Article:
Change is coming. If your business or team isn’t in the midst of change already, then get ready: it’s right around the corner.
Change is demanding. As a leader, you have the power to shorten the duration and intensity of the chaos and the mess. Here’s how!
Look at the Roadmap
It’s one thing to know the final destination you want to reach; it’s another entirely to understand the route that will take you there. William and Susan Bridges, experts in change management, provide a roadmap for change that outlines four distinct stages. By knowing what lies ahead, you can prepare for it. The four stages of transition are:
1. Denial. When first confronted by change, people experience shock and questions abound:
- Concern: “How will this impact me?”
- Worry: “Do I still have a job?”
- Confusion: “What are my new responsibilities?”
2. Emotion. As shock wears off, emotions kick in – particularly the negative ones:
- Fear: “I might lose my job!”
- Frustration: “Why do we have to do this?”
- Cynicism: “This is never going to work.”
3. Transition. Over time, the negativity begins to be balanced by positivity:
- Hope: “Maybe this is going to work.”
- Acceptance: “I get it; let’s go.”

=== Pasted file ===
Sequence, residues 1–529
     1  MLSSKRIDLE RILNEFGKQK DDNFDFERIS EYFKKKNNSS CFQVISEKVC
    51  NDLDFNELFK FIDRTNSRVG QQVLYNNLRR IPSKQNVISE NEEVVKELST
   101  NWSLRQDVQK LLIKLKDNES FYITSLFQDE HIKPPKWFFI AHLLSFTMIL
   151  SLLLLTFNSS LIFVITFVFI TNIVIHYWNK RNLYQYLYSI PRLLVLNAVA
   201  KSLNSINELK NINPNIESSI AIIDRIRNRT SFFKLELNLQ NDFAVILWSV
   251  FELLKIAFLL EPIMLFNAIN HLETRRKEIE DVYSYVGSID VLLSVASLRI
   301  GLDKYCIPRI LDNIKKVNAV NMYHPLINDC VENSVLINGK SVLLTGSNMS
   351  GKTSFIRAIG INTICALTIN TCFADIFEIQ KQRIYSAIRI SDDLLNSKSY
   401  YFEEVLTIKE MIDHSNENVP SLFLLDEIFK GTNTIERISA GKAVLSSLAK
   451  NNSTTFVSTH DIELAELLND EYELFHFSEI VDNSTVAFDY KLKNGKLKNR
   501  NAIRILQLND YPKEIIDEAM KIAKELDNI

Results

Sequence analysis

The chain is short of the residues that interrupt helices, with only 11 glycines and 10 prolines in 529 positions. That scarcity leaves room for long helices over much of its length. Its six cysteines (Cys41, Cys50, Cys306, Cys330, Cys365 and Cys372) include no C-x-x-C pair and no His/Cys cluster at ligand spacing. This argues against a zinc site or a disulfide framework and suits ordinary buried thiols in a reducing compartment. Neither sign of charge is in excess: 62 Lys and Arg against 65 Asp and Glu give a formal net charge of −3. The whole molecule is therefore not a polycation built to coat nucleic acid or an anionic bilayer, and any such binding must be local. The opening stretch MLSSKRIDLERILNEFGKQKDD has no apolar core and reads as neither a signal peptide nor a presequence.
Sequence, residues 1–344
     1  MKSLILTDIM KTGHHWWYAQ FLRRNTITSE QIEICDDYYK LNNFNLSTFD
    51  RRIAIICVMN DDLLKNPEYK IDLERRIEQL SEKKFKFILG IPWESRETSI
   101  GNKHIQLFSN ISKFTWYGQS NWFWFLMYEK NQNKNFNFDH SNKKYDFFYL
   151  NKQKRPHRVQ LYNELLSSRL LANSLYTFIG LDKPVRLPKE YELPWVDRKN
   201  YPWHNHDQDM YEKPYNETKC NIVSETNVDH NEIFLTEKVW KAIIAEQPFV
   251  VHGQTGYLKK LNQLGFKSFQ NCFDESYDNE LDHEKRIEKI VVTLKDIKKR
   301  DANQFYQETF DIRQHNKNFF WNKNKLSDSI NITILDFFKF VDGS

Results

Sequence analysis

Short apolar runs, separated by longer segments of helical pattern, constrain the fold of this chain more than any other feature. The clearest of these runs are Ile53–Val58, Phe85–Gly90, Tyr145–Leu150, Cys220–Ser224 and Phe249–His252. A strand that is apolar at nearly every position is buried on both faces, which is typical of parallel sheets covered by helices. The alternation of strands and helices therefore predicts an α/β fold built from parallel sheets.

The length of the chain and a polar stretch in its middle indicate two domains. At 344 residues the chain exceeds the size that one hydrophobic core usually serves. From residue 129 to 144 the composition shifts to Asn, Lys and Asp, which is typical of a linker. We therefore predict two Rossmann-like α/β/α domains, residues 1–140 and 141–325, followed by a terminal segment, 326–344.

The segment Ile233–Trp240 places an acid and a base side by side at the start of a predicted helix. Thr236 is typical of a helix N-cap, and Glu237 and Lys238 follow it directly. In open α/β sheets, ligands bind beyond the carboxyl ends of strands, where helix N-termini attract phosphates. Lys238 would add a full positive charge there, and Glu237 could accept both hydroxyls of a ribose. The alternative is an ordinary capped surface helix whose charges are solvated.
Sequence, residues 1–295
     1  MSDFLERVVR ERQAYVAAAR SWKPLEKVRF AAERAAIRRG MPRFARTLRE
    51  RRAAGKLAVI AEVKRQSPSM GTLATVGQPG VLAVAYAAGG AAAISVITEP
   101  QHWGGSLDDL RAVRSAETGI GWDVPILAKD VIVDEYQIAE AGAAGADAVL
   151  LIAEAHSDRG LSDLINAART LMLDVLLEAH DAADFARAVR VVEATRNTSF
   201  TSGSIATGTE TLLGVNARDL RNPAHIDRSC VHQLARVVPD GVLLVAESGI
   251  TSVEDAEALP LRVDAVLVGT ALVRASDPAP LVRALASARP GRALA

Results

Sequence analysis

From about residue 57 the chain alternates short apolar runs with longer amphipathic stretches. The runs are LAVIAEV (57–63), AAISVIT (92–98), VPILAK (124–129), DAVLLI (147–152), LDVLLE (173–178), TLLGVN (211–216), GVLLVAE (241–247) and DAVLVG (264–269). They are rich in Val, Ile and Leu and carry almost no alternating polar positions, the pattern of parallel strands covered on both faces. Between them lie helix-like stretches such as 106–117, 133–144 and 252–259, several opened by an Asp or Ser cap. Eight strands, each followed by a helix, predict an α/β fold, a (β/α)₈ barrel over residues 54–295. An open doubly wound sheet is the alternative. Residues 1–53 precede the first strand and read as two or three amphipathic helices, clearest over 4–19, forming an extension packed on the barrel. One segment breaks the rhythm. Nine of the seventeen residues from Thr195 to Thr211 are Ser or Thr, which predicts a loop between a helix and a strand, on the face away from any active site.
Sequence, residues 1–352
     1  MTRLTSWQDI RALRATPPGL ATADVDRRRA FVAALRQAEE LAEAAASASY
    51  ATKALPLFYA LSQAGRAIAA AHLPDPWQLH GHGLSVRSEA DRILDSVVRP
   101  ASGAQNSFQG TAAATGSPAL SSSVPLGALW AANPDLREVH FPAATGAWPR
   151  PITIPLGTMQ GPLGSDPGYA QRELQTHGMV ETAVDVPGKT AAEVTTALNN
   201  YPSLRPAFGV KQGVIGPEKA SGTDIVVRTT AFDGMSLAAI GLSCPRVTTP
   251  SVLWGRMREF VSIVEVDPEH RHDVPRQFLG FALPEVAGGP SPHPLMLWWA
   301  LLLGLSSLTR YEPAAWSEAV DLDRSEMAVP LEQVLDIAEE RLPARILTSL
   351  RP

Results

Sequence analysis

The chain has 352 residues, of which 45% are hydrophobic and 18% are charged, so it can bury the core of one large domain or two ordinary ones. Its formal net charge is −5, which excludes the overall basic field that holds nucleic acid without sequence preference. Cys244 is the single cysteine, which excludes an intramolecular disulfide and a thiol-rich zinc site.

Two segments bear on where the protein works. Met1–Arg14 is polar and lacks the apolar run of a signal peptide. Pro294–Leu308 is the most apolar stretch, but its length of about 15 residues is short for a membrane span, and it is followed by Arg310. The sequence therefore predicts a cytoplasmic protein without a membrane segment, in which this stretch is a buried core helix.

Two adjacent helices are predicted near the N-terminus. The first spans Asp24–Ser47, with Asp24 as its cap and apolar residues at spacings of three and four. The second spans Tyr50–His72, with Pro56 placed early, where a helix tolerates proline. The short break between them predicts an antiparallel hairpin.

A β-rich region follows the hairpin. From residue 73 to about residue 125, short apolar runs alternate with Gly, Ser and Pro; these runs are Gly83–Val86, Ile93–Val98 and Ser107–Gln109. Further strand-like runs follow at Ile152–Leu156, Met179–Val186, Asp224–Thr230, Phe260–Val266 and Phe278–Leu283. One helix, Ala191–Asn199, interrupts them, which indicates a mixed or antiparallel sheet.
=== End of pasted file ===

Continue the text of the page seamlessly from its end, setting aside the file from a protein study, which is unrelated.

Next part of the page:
- Curiosity: “Is that a light at the end of the tunnel?”
4. Excitement. This is the reward for persevering through the first three steps:
- Relief: “We made it!”
- Enthusiasm: “This is good for me and the company.”
- Trust: “We’re headed in the right direction.”
As a leader, accept that your employees will go through all four of these stages. You can’t take shortcuts, but you can accelerate the journey and make it easier on everyone by planning well for the trip. Let’s take a look at what that entails.
Counteract Denial with Information
In the initial Denial stage, people have questions. They are afraid. They are confused. They need information and they need a lot of it. If you don’t give them the facts, they will fill in the gaps with assumptions and falsehoods and the rumor mill will start its diabolical work.
Countless change initiatives fail due to the lack of a comprehensive communication plan. John Kotter in Leading Change states that leaders consistently under-communicate the vision for change by a factor of 10. In other words, if you think you’ve done a good job communicating, you have probably barely scratched the surface of what people really need to know and understand.
Plan to hold town halls, send out updates and reminders, schedule regular team meetings, and engage in one-on-one conversations. Do absolutely everything you can to keep people informed. Answer the what, why, when, where, who, and how that people want to know. Be prepared to repeat this information so frequently you could say it in your sleep. You simply cannot over-communicate during a change initiative.
Engage Emotion with Support
Ironically, if you do a great job communicating information to your employees, your reward is that they respond by entering the stage of Emotion. They get riled up, angry, upset, and cynical. Good times!